The Durbin Amendment, passed as part of the Dodd-Frank financial reform legislation in 2010, required the Federal Reserve to limit fees charged to retailers for debit card processing.
Interchange fees are paid to banks by merchants for the privilege of accepting payment cards. Merchants and card-issuing banks have long fought over these fees. Prior to the Durbin Amendment, card swipe fees were previously unregulated and averaged about 44 cents per transaction.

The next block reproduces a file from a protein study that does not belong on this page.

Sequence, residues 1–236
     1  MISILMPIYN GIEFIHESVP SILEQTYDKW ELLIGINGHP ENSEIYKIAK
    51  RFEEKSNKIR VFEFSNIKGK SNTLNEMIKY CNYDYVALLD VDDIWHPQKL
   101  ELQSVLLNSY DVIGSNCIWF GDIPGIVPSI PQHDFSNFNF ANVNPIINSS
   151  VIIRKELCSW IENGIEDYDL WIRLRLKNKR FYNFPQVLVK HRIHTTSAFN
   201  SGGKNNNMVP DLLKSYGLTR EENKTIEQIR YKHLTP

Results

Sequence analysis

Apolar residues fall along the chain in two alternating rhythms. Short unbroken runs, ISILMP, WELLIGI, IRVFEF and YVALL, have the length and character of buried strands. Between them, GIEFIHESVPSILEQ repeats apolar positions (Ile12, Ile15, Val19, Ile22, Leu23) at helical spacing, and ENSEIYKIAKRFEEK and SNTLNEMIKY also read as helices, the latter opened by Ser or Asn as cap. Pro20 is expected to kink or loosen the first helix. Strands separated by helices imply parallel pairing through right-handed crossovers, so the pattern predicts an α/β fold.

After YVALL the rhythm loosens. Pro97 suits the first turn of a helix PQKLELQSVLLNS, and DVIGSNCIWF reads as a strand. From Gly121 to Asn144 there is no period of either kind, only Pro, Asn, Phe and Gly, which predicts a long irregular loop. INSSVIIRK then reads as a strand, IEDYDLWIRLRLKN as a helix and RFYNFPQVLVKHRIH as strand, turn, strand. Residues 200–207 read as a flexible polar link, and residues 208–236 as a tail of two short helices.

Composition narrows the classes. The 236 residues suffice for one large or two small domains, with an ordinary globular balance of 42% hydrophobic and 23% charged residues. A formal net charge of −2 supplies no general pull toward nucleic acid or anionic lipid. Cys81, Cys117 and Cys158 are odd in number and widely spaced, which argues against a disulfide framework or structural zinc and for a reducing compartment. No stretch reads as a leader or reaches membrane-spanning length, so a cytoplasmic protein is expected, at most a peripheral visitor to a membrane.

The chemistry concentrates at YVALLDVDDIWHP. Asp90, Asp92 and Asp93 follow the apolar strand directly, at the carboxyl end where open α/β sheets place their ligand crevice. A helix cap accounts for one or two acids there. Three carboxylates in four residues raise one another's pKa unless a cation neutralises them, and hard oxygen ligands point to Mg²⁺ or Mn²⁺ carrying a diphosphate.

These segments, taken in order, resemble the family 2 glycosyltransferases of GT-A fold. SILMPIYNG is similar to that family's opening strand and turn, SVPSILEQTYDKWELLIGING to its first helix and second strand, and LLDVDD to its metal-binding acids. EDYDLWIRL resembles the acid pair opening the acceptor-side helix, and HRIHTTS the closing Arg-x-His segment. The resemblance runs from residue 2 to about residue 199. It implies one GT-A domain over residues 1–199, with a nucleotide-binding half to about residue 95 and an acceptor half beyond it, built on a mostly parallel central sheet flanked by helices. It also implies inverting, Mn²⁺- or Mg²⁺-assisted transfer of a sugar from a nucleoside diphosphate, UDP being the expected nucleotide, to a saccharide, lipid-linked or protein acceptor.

However, this does not mean the savings was passed onto you. Instead it increased the profits for the processing banks and agents. This happened because it lowered the processors buy-rate cost while still keep the markup to the merchants at the same cost.